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City Poised to Sign Organics Recycling Contract

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By Jorge Casuso

March 3, 2022 -- The City Council is expected to approve a contract of up to $14.2 million over five years to comply with a State law mandating organics recycling for all residents and businesses.

The proposed contract with Athens Services for organics processing and recycling services covers two years for $4.28 million and three optional one-year extensions totaling an additional $9.92 million.

SB 1383, which requires statewide mandatory organics recycling starting the first of this year, spurred a "Mandatory Recycling Ordinance" approved by the Council last October.

The State law, staff said, "triggers a tremendous market demand for local jurisdictions to secure services from organics processing facilities that have the capacity to accept, process, and recycle curbside organics."

Compliance with with the State law "means increased expenditures for the City to recycle organics instead of landfilling the material as trash."

The costs include purchasing organics containers for residents and businesses that don’t already have them under the organics collection services the City began offering in 1998.

It also requires dedicating "more staffing and resources on education and outreach as required."

To cover the cost of outreach supplies and support community education the City will apply for $123,000 in grant funds from the SB 1383 Local Assistance Grant Program, staff said.

The price of the recycling program -- which is expected to rise -- is well worth paying, staff said.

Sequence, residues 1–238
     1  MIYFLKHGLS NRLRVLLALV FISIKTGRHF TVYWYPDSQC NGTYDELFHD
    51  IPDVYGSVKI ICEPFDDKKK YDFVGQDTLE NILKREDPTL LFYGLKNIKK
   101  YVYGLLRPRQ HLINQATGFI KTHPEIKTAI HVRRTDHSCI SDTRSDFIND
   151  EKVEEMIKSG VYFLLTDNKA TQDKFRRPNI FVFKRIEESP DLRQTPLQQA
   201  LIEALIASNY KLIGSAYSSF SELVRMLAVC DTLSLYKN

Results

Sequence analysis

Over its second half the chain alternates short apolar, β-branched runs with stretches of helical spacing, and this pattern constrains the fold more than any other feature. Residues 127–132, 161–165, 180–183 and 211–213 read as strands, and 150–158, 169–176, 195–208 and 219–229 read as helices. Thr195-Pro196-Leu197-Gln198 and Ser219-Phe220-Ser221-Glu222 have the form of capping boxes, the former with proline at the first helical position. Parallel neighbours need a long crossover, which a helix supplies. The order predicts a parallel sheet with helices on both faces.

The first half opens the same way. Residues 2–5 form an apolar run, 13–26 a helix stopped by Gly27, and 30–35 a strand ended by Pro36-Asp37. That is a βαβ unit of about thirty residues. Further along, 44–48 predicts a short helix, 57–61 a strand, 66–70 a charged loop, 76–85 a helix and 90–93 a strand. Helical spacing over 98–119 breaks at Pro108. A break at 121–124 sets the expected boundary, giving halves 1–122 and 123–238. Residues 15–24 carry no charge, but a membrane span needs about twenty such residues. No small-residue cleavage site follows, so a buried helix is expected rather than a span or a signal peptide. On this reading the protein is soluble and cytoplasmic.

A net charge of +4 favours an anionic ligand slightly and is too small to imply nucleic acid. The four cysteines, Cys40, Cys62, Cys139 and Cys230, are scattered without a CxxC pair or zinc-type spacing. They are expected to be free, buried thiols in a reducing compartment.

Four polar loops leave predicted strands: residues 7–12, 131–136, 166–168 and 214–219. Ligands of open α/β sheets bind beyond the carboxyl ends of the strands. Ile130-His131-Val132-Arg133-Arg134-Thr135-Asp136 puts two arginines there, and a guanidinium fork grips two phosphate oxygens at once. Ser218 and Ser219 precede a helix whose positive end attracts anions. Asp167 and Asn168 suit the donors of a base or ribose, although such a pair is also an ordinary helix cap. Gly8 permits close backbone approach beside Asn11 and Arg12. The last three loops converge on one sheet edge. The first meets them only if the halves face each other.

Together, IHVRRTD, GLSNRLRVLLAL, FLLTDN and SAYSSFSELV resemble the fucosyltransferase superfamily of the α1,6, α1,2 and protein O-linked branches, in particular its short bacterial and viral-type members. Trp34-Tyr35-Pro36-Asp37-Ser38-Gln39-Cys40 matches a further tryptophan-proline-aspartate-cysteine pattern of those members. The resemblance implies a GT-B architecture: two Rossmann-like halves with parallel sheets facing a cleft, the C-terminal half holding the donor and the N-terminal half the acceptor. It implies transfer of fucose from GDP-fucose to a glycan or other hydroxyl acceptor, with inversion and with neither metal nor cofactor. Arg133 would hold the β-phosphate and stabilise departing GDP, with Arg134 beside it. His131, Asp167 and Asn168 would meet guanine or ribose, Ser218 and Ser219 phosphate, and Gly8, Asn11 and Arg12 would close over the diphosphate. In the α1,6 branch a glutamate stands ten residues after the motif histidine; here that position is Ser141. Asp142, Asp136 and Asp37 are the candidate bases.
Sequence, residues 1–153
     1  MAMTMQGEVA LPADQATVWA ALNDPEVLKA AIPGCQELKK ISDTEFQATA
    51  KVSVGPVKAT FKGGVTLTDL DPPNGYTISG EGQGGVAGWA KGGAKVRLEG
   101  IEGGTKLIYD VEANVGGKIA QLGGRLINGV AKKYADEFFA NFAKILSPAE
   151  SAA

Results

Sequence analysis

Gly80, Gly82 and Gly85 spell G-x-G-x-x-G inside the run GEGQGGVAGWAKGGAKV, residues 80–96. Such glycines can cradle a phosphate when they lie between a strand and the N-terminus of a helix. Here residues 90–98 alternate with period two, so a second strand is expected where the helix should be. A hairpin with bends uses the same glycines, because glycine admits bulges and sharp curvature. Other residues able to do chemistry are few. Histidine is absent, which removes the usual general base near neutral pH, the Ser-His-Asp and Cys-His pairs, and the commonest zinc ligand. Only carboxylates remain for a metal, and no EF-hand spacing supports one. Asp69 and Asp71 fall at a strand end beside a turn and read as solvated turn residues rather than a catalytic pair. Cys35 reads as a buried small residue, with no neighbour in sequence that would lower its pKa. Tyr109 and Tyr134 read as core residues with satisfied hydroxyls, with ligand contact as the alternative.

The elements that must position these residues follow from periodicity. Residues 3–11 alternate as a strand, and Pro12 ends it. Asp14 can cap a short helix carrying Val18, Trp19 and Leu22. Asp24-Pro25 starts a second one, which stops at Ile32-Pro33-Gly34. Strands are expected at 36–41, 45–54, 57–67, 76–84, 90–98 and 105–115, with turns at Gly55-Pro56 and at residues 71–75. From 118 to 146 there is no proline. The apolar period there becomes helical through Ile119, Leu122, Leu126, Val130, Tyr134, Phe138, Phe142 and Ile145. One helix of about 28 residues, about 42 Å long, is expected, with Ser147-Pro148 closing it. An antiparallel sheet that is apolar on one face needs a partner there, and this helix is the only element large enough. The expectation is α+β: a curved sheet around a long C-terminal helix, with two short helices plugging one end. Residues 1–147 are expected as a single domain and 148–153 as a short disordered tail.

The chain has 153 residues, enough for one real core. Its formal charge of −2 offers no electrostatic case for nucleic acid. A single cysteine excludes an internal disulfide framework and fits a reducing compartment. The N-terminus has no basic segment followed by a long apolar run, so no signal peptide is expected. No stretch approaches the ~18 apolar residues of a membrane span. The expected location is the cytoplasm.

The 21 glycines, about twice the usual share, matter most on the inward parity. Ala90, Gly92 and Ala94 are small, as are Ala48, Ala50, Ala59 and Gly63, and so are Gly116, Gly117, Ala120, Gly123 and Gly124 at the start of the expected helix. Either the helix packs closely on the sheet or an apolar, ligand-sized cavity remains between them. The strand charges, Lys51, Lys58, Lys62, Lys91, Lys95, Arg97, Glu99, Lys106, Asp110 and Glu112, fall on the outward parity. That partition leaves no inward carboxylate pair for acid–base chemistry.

"Although there is a cost to recycle organics, the environmental and climate cost of inaction far outweighs the financial investment," staff wrote in its report to the Council.

While solid waste rates have not increased during the coronavirus emergency, "it is anticipated that rate adjustments would be required upon the completion of a comprehensive rate study analysis," staff said.

City staff is working with a solid waste consulting firm "to examine the full financial effects" of the State law and "is expecting to return to Council later this year to discuss rate changes."

Under the City's ordinance, all residents and businesses must maintain an additional green-colored container for organics recycling ("Santa Monica Prepares to Launch Mandatory Organics Recycling," October 20, 2022).

The organics must be separated from the contents that go into the black refuse container or blue container for non-organic recyclables.

“Multi-family residential dwellings of five or more units and commercial generators shall periodically inspect blue, green, and black containers for contamination," according to staff.

"If containers are contaminated, generators must correct the issue and educate their employees on the importance of proper waste sorting to prevent contamination."

The ordinance also established an "Edible Food Recovery Program" that requires certain food-related businesses to "recover edible food leftovers," package them for reuse and donate them to a food bank.

The ordinance requires the establishments to "maintain specific records and make them available to the City for annual reporting purposes."

It also allows City enforcers to "access the premises and review records."

Adopted in 2016 -- SB 1383 -- is "considered to be the most significant waste reduction mandate to be adopted in California in the last 30 years," staff said.

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